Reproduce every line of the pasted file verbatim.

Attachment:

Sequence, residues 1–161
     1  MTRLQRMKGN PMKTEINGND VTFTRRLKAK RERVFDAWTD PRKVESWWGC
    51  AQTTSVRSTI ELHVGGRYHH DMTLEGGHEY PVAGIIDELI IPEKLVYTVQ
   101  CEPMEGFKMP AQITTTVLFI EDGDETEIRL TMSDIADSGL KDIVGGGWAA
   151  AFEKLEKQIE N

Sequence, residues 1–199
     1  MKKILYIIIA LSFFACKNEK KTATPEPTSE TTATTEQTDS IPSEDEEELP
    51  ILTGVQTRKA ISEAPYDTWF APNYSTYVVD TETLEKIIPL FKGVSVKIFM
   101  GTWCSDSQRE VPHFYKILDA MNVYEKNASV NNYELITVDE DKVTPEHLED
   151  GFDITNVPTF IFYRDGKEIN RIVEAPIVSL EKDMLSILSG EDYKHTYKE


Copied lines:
Sequence, residues 1–161
     1  MTRLQRMKGN PMKTEINGND VTFTRRLKAK RERVFDAWTD PRKVESWWGC
    51  AQTTSVRSTI ELHVGGRYHH DMTLEGGHEY PVAGIIDELI IPEKLVYTVQ
   101  CEPMEGFKMP AQITTTVLFI EDGDETEIRL TMSDIADSGL KDIVGGGWAA
   151  AFEKLEKQIE N

Sequence, residues 1–199
     1  MKKILYIIIA LSFFACKNEK KTATPEPTSE TTATTEQTDS IPSEDEEELP
    51  ILTGVQTRKA ISEAPYDTWF APNYSTYVVD TETLEKIIPL FKGVSVKIFM
   101  GTWCSDSQRE VPHFYKILDA MNVYEKNASV NNYELITVDE DKVTPEHLED
   151  GFDITNVPTF IFYRDGKEIN RIVEAPIVSL EKDMLSILSG EDYKHTYKE